Executive Briefings

Strong Growth Predicted for Electric Bike Sales, Even in U.S.

Electric-bike sales are expected to total $15.7bn globally this year and reach $24.3bn in 2025, according to Navigant Research. "It's a category that is wide open," says Edward Benjamin, senior managing director of ECycleElectric Consultants in Fort Myers, Fla., and chairman of the Light Electric Vehicle Association. "Little guys are jumping into a business that no one's been paying attention to," he says.

An e-bike is a bicycle with an electric motor. A rider can pedal without using the motor or use it for a boost. The motors in the U.S. are generally limited to a maximum of 20 miles per hour. Recreational riders and commuters can cover long distances and handle hills without breaking a sweat. Motorcycle bans have helped lead to massive e-bike adoption in China, where more than 200 million are in use, according to Benjamin. The country is also the world’s biggest e-bike manufacturer and exporter, with giants such as Jiangsu Xinri E-Vehicle and Yadea Technology Group each able to produce several million annually. Compared with Asia, North America is barely a blip—Navigant predicts only about 152,000 e-bikes will be sold in the region this year, though it expects steady growth. “I would guess 90 to 95 percent of people in the U.S. don’t even know what an electric bicycle is,” says Navigant analyst Ryan Citron, who uses one to get to his job in Boulder, Colo.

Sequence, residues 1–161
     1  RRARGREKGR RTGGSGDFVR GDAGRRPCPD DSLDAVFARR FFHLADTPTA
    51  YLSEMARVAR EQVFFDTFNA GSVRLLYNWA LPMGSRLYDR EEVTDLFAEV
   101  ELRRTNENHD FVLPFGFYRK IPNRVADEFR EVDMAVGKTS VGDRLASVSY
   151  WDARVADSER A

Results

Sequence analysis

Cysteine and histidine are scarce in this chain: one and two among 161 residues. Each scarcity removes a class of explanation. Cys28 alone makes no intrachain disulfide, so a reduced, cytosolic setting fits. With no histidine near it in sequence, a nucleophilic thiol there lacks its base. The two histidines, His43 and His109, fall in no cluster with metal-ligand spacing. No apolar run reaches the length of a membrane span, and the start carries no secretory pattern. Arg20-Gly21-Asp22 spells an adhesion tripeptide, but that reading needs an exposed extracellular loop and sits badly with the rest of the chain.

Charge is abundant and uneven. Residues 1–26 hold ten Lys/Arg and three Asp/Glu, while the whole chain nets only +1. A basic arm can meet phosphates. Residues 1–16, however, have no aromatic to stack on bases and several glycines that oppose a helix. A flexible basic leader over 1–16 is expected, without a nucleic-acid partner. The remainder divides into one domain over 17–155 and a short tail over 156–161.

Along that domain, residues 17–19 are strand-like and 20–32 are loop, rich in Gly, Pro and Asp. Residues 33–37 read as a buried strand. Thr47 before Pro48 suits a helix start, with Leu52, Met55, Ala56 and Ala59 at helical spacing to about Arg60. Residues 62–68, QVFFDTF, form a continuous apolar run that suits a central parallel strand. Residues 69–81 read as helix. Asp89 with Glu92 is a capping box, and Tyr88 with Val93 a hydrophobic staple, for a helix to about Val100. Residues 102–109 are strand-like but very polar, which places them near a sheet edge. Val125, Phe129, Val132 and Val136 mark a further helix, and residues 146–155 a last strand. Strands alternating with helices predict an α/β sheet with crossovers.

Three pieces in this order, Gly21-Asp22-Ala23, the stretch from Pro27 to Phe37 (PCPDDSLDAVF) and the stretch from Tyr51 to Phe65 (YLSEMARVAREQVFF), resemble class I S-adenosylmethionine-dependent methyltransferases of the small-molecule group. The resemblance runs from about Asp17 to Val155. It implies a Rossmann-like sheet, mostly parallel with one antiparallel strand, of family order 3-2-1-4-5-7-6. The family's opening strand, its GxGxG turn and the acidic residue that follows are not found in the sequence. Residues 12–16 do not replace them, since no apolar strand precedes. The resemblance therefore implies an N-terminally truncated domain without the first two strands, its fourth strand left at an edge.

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An e-bike is a bicycle with an electric motor. A rider can pedal without using the motor or use it for a boost. The motors in the U.S. are generally limited to a maximum of 20 miles per hour. Recreational riders and commuters can cover long distances and handle hills without breaking a sweat. Motorcycle bans have helped lead to massive e-bike adoption in China, where more than 200 million are in use, according to Benjamin. The country is also the world’s biggest e-bike manufacturer and exporter, with giants such as Jiangsu Xinri E-Vehicle and Yadea Technology Group each able to produce several million annually. Compared with Asia, North America is barely a blip—Navigant predicts only about 152,000 e-bikes will be sold in the region this year, though it expects steady growth. “I would guess 90 to 95 percent of people in the U.S. don’t even know what an electric bicycle is,” says Navigant analyst Ryan Citron, who uses one to get to his job in Boulder, Colo.

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